Sorry, Buddy Valastro, we don't think anyone found your joke very funny.
TLC has pulled Monday's episode of Cake Boss after RuPaul's Drag Race star Carmen Carrera, a transgender woman, expressed that she was very unhappy with how she was portrayed on the reality show.
According to the L.A. Times, Carrera felt that producers brought her on the show under false pretenses, making her believe that she would be a role model for the transgender community, but instead fell victim to Valastro's "homophobic prank."
So what happened?!
There was a scene during Monday night's episode that showed Carrera and "Cousin Anthony" Bellifemine flirting, which led to a peck on the cheek from Carmen.
"Anthony, right now, is on top of the world. He don't know what's coming, baby," Valastro said in a voice-over.
Then Buddy told Cousin Anthony, "That's a man, baby!" And he flees from the bar.
Carrera took to Facebook to discuss her discontent, posting, "Im really trying to be a positive role model for trans people and it upsets me that ... I SPECIFICALLY asked the producers of 'Cake Boss' NOT to disrespect me or trans people. Before I agreed to do this show, I was assured and then reassured that it wasn't going to be like the JERRY SPRINGER show or MAURY. Let me make this clear. CALLING A TRANSGENDER WOMAN A MAN IS WRONG. Period. Its degrading, its rude, and its very hurtful."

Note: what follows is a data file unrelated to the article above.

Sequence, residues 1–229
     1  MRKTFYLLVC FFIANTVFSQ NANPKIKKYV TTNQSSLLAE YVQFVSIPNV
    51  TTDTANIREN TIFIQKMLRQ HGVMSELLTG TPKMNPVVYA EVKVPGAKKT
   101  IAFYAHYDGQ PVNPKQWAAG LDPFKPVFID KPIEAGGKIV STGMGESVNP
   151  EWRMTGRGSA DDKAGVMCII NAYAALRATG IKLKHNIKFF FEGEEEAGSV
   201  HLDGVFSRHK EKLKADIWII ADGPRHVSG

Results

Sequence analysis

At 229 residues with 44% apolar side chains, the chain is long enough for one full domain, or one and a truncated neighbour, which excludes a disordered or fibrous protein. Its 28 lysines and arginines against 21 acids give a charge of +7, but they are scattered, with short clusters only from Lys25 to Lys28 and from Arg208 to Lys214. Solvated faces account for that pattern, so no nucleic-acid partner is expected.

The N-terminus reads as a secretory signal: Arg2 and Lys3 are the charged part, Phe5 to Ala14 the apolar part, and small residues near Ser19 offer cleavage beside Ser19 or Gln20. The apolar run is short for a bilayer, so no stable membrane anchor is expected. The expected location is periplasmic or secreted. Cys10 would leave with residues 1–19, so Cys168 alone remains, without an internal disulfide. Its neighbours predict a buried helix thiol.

A producer and Valastro later apologized to Carmen, and TLC said they would remove the episode but acknowledged that an edited version might return to television.
"TLC can confirm that the episode was immediately removed from rotation after learning of Carmen Carrera and her supporters' concerns, and the network is reviewing the content to see whether it could be reintroduced following edits," a spokeswoman wrote in a statement to the Times.
Meanwhile, the reality show's Facebook page offered an apology from Valastro.
"I've been trying to connect with Carmen and apologize to her directly, but also think I owe an apology to the entire LGBT community. It was absolutely not my intention to upset or offend her, or anyone within the community, and I was wrong to use the words I did. I am a supporter of gay rights and equality, and while I regret this situation and my choice of words, I am thankful to have received this feedback and the opportunity to learn from this mistake. I hope that Carmen accepts my sincere regrets."